Chad Kalepa Baybayan, Seafarer Who Sailed Using the Stars, Dies at 64

Chad Kalepa Baybayan, a revered Hawaiian seafarer who was a torchbearer for the art of “wayfinding,” which ancestral Polynesian sailors used to navigate the Pacific Ocean by studying the stars, trade winds and flight patterns of birds, died on April 8 at a friend’s home in Seattle. He was 64.

His daughter Kala Tanaka said the cause was a heart attack. He suffered from diabetes and had had a quadruple bypass over a year ago.

Many centuries ago, oceanic tribes sailed the waters between the islands and atolls of Polynesia in double-hulled canoes. They plotted their course by consulting the directions concealed within sunrises and sunsets, ocean swells, the behaviors of fish and the reflections of land in clouds. As Polynesia was colonized and modernized, the secrets of celestial navigation were nearly forgotten.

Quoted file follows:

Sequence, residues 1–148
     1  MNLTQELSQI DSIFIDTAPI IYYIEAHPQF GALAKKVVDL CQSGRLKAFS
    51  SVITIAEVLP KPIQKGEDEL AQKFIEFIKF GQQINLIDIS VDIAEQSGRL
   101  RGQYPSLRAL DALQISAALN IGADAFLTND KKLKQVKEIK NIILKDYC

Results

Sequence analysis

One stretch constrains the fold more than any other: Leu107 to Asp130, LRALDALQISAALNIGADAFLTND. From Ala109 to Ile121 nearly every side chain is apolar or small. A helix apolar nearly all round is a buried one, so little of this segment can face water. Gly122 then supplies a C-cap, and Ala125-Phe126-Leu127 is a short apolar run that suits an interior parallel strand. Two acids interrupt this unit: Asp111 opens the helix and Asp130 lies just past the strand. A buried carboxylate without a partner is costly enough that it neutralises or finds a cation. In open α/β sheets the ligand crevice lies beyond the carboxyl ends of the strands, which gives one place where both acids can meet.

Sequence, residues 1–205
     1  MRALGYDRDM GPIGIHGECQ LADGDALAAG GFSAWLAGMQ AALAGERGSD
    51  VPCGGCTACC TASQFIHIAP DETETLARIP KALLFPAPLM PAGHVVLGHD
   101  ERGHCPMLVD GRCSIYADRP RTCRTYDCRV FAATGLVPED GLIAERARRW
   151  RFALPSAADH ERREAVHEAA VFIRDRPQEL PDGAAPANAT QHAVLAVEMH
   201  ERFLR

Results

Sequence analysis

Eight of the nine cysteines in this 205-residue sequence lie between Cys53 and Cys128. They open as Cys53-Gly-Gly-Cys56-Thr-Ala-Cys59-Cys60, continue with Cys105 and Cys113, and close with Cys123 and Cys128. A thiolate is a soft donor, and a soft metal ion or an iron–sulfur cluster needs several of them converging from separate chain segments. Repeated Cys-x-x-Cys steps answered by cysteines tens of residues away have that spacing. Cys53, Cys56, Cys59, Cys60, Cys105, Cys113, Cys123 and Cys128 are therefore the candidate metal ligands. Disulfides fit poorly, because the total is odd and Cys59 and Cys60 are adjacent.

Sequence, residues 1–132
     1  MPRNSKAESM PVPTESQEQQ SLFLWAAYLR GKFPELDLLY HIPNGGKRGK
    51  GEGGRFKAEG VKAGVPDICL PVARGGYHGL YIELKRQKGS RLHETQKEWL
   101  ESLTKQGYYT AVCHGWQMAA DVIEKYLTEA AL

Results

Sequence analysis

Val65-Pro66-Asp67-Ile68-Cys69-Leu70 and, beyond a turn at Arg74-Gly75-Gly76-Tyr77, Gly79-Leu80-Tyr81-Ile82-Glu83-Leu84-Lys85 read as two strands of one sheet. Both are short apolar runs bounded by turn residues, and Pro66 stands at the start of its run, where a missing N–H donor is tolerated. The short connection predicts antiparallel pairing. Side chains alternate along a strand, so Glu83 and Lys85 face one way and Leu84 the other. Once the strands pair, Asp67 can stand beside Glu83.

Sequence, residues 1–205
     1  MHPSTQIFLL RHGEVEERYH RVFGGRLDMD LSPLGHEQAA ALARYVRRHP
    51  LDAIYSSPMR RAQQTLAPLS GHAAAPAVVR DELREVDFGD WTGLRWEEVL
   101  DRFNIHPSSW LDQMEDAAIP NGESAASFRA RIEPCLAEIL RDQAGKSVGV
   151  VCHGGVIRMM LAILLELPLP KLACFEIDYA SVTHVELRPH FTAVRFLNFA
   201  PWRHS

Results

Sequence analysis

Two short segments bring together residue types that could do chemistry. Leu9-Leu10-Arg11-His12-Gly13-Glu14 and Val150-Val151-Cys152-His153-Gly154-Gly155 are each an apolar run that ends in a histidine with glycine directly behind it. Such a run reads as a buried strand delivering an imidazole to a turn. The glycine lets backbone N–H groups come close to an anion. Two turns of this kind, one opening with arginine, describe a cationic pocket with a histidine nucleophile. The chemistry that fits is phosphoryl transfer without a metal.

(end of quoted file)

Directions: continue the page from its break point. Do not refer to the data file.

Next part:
Mr. Baybayan became a face of a cultural movement to preserve these old ways, and a tireless educator who taught the science of wayfinding in classrooms and auditoriums across the country.

“Traditional navigation schools,” Mr. Thompson continued, “have always been highly protective of the knowledge. There are 4,000-year-old navigation schools in Micronesia that still won’t teach their methods to outsiders. History will say that Kalepa was the one who stopped the extinction of the great navigators because he shared our knowledge with the world.”

Mr. Baybayan’s progressive approach to preserving tradition sometimes made him a polarizing figure in his Native Hawaiian community.

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